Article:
But railways must avoid being lulled into a false sense of security, because with competitors snapping at their heels, there are still a lot of things required to make rail more attractive to freight shippers and passengers.
As we report this month, SCI Verkehr's study of global rail traffic conducted in mid-2010 shows that the sharp drop in freight in 2009 has bottomed out and traffic is now growing again. Confirmation that the recession has ended in most countries comes from end-of-year results published recently by some of the world's major railways.

North American Class I railways generally reported strong growth last year and significantly improved financial performance. And while traffic has not yet returned to pre-recession levels, stored locomotives and wagons are gradually being returned to service, and the railways are once again recruiting staff.

One of North America's biggest railways, Union Pacific (UP), did particularly well last year reporting a 47% increase in net income to $US 2.8 billion and a 5.5 point improvement in its operating ratio to 70.2% thanks to the strengthening US economy.

Russian Railways (RZD) was hit very hard by the recession, recording a 15% drop in freight traffic in 2009. In contrast, traffic grew by 8.7% last year and RZD made a profit of Roubles 70 billion ($US 2.3 billion). But as RZD's president, Mr Vladimir Yakunin, points out, utilisation of the Russian rail network is now back at the level it was in 2004, so while the recovery is underway, there is still a long way to go.

There are also positive signs of recovery in Europe, with French National Railways (SNCF) recording a 4.1% increase in turnover for 2010, and increases in all sectors of its business. Overall, SNCF says business is back to the level it was in 2008, but freight is still below what it was pre-crisis. German Rail (DB), Europe's biggest railway, has yet to publish its annual results for 2010, but it did record a 13% increase in turnover for the first half. German railfreight as a whole recorded a 16.7% rise in traffic during the third quarter translating into orders for freight locomotives from optimistic leasing companies.

Indian Railways (IR) reports a 6.27% increase in freight revenue and a 3.4% rise in tonne-km between April and December 2010. However, IR's financial performance has been badly hit by a steep pay increase, a reduction in lucrative export iron-ore traffic, and pressure on passenger revenue. As a result, IR's operating ratio has plummeted from 75.9% in 2007-08 to 95.3% currently, limiting its ability to invest.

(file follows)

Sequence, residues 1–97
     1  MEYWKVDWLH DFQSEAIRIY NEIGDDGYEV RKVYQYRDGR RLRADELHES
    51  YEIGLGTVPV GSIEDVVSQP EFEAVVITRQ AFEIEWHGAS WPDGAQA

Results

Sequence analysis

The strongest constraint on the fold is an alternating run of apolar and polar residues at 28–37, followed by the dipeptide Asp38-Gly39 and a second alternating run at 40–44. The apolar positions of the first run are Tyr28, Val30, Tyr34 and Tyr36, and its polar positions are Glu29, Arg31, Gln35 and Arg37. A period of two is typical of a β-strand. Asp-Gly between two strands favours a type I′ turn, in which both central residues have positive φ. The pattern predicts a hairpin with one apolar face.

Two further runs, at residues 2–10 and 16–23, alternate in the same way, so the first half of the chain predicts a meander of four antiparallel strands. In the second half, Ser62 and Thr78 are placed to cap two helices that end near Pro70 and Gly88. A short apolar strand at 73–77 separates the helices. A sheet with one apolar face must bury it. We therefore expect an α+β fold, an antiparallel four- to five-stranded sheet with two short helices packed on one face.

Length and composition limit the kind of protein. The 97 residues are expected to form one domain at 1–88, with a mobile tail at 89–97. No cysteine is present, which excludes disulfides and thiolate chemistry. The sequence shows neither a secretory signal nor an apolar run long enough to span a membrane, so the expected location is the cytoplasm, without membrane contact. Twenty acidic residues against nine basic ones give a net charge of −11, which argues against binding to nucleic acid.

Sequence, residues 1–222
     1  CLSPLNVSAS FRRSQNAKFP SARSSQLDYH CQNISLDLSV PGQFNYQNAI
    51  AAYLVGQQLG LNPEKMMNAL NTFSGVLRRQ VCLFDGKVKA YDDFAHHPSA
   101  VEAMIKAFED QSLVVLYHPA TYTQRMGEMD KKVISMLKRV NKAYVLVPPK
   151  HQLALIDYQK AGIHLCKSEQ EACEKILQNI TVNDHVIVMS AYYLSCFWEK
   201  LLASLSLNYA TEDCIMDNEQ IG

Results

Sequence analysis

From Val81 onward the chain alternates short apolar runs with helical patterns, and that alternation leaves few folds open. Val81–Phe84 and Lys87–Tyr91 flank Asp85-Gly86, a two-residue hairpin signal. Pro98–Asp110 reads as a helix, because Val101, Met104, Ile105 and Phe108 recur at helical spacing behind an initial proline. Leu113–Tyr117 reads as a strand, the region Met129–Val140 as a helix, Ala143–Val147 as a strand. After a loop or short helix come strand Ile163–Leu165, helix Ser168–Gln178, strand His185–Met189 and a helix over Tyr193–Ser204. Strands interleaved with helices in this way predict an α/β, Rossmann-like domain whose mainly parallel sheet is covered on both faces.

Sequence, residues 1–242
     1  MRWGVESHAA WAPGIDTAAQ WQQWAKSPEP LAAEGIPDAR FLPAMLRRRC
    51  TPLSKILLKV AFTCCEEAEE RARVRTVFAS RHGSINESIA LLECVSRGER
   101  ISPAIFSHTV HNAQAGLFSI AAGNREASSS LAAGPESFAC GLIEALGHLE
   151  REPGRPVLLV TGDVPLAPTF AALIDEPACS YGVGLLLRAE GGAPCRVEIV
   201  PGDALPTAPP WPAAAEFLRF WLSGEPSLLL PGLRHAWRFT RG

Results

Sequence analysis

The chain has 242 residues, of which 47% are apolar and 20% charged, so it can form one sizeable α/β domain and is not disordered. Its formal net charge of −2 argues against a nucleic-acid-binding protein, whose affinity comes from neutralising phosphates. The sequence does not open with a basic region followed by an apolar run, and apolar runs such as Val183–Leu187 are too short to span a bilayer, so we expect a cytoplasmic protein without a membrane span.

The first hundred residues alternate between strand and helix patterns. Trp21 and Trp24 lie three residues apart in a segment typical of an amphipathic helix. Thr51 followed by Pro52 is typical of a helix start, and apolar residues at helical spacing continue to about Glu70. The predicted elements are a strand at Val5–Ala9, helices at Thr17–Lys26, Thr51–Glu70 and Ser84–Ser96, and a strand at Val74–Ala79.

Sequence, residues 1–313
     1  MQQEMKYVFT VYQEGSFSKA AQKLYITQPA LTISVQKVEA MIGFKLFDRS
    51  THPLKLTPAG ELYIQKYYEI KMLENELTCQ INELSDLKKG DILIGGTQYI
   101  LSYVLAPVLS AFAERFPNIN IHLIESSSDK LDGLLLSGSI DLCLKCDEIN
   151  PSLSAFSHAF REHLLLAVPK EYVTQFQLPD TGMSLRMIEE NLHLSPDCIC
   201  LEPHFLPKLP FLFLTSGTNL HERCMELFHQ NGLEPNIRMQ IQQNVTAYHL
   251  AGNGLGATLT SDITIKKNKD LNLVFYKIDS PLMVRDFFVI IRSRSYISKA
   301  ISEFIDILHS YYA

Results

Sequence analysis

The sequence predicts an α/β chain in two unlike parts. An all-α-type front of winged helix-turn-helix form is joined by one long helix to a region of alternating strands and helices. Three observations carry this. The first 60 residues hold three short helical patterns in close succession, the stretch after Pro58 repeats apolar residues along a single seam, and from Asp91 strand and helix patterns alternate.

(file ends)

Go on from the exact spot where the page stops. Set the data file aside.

For the most part, global passenger traffic only suffered a halt to its steady growth, reflecting its resilience to an economic storm. Some of the drivers of passenger rail growth, such as traffic congestion and the rising cost of fuel, have not gone away.

SCI Verkehr is forecasting growth in tonne-km of around 45% and for passenger-km of about 58% between 2010 and 2020. This is certainly encouraging for the rail industry, although increases in traffic do not necessarily equate to similar increases in revenue, especially if competition gets tougher.

While the outlook is bright, there is still a lot railways can do to take advantage of the upswing in their fortunes and not to squander this window of opportunity. First railways must master the art of providing a service tailored to the needs of customers even though they remain a mass mode of transport.

Unfortunately, many railways believe this is too difficult and are even turning their back on some of their unique selling points such as the ability to offer high-quality catering on trains or good-quality overnight services which avoid costly hotel accommodation or a very early start. Most companies strive hard to find unique selling points, whereas many railways fail to appreciate what they already have.

Passenger expectations are increasing steadily as people become more affluent. Due to rising prosperity, China and India now have rapidly-growing numbers of well-educated people with disposable income which they are willing to spend on high-quality goods and services. China's investment in high speed rail will appeal to such people, but India has a long way to go to catch up.

Attention to detail is also vital to success. This means running trains on time, using the technology available to provide accurate and up-to-date information to customers, especially when things go wrong, and making sure trains connect with one another to maximise network benefits.

Freight customers are equally demanding. They expect to know where their freight is at all times, and for it to be delivered on time and without damage. Rail needs to work harder than its competing modes to overcome some of its inherent weaknesses, such as the huge challenge of crossing borders.

Truck drivers generally stay with their load and are on-hand to solve any problems, whereas train crews are changed frequently during a trip and as the train passes from one railway to another at the border, leading to long delays.

In theory rail is much faster than sea from the Far East to Europe, but sea dominates the market because it is cheaper and more reliable.

Unless rail really gets to grips with some of these challenges, it will never achieve its full potential.